Sarah Palin gets wrong both the commanding general in Afghanistan's name and position.
The commanding general in Afghanistan didn't merely state that Surge tactics won't work! He also said that tribal involvement in the COIN strategy wouldn't work either! Absolutely right on infrastructure in Afghanistan though! Know what they really need in Afghanistan to enhance security? ROADS.
Palin thinks our commander in Afghanistan is someone named "McClellan." It is, I believe, McKiernan. And Palin is DEAD WRONG. He absolutely said that tribal involvement in Afghanistan COIN strategy would not work.
McKiernan: "I do think there's a role for traditional tribal authorities and tribal structure in Afghanistan, in the rural areas especially, to play in a community-based sense of security, of connection with the government, and of environmental considerations. But I think that has to be led, that tribal engagement, it has to be led by the Afghan government. I specifically tell my chain of command in ISAF [International Security Assistance Force, the name for NATO's mission in Afghanistan] that I don't want the military to be engaging the tribes to do that. It has to be through the Afghan government to do that. But of course, there's danger in that. There's always, "Is this particular tribe, is it being reached out to for all the right reasons?" That has to be watched very closely."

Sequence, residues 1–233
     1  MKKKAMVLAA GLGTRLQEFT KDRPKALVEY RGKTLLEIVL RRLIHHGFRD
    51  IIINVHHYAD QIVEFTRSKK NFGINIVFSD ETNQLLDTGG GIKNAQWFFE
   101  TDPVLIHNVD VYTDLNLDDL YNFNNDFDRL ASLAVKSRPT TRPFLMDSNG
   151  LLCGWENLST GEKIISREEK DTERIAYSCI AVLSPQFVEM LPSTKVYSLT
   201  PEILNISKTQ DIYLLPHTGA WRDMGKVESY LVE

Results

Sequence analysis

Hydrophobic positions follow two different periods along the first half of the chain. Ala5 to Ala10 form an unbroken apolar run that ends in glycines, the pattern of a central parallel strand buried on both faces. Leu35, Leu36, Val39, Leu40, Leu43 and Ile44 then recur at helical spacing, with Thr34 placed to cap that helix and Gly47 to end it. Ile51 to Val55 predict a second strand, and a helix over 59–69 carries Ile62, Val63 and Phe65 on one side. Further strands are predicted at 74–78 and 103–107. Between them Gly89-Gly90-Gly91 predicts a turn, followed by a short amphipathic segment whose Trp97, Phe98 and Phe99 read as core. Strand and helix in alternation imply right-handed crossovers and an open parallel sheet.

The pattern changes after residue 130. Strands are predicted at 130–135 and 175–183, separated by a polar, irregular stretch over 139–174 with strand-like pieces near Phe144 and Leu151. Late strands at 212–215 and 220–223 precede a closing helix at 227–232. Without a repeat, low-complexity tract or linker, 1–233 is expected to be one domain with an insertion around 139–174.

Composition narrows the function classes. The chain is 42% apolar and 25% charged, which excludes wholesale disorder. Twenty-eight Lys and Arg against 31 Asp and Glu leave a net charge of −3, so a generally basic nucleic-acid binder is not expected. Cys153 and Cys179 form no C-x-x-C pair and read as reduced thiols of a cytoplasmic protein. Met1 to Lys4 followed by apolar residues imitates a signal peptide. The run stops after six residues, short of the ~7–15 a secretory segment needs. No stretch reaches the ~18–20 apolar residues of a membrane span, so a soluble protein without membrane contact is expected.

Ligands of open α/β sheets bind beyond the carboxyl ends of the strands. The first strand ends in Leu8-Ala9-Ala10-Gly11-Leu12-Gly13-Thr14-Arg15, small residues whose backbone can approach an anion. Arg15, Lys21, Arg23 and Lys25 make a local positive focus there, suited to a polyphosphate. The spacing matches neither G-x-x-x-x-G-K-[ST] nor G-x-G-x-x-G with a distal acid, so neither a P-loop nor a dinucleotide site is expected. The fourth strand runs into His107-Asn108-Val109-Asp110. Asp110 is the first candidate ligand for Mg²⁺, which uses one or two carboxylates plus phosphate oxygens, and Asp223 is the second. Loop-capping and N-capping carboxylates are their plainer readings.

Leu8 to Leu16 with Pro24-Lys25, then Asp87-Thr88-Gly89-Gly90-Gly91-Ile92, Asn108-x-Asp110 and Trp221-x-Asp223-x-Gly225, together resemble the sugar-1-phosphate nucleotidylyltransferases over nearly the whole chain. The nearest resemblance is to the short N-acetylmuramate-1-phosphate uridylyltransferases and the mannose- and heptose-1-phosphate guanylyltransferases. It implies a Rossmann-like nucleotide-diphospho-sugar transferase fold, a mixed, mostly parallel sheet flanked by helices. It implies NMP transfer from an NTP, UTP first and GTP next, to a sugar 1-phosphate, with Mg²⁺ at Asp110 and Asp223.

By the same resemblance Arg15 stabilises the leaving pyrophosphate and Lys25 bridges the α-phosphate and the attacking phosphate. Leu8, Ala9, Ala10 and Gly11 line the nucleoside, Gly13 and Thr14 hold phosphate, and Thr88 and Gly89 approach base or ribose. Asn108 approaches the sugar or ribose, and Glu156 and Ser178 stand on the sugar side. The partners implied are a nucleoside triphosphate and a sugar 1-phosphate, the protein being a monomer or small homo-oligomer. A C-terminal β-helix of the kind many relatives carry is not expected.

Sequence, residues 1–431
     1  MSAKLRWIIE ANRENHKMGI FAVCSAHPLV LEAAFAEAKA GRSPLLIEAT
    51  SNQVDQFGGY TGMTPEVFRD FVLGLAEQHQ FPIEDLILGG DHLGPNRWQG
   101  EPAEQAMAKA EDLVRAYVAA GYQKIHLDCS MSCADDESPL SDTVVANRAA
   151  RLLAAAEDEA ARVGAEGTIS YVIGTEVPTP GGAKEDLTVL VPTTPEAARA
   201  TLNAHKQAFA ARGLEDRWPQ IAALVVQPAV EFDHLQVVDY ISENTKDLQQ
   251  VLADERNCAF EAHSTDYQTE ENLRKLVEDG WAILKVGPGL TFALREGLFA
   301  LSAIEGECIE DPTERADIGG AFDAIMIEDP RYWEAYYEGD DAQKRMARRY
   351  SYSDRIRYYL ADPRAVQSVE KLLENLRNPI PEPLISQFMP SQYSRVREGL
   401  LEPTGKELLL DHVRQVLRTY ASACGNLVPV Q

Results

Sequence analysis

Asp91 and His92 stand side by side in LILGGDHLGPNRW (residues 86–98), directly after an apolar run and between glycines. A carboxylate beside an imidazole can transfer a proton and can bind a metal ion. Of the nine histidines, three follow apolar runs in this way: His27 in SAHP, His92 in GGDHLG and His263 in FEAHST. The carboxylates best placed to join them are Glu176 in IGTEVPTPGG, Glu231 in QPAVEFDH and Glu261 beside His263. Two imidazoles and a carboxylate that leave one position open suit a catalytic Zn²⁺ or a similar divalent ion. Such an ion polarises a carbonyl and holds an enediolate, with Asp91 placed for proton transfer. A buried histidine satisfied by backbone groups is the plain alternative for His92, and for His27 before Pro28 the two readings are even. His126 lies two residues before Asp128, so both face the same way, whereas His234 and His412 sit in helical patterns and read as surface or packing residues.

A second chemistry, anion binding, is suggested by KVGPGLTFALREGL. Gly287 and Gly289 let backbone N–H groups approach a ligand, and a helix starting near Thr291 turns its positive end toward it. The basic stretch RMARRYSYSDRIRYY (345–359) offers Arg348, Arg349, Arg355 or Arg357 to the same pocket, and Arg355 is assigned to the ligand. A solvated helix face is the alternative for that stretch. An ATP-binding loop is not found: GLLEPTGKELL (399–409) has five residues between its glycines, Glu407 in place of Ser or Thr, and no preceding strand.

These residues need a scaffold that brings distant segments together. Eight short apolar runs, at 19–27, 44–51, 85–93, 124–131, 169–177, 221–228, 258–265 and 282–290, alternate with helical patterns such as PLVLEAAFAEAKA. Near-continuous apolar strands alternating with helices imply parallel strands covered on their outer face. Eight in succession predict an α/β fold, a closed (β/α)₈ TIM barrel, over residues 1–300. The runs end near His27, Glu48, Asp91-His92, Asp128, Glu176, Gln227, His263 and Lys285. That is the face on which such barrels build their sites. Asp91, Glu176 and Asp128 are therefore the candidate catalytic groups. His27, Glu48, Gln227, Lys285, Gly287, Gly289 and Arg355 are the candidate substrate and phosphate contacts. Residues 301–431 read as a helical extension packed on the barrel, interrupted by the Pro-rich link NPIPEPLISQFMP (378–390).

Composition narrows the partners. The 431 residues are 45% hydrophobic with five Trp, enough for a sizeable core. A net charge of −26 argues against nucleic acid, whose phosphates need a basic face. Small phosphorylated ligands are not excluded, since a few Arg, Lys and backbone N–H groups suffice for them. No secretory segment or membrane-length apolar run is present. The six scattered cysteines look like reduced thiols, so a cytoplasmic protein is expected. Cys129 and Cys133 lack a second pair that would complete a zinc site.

McKiernan: "First of all, please don't think that I'm saying there's no room for tribal engagement in Afghanistan, because I think it's very necessary. But I think it's much more complex environment of tribal linkages, and intertribal complexity than there is in Iraq. It's not as simple as taking the Sunni Awakening and doing the Pashtun Awakening in Afghanistan. It's much more complex than that."
UPDATE: Ilan Goldenberg sums up the foreign policy portion of the debate:
1. Palin mispronounced our commander in Afghanistan, Dave McKiernan's name and also claimed that he supported the idea of using the Iraq surge as a model for Afghanistan even though just yesterday he said he did not.
2. In response to a question on Iran and Pakistan Palin answered by starting to talk about Iraq. Similar to McCain's obsession on Iraq with complete neglect for all other national security priorities.
3. Palin promised that the Middle East peace process would be a top priority for a McCain administration. But McCain's own advisors last week said that it wouldn't.
4. Palin was unable to distinguish any specific difference between Bush and McCain on any foreign policy issues. Joe Biden made that point very clearly.
5. Sarah Palin seems to rely quite heavily on her notes and on a very limited set of talking points. She has been dodging questions all night long.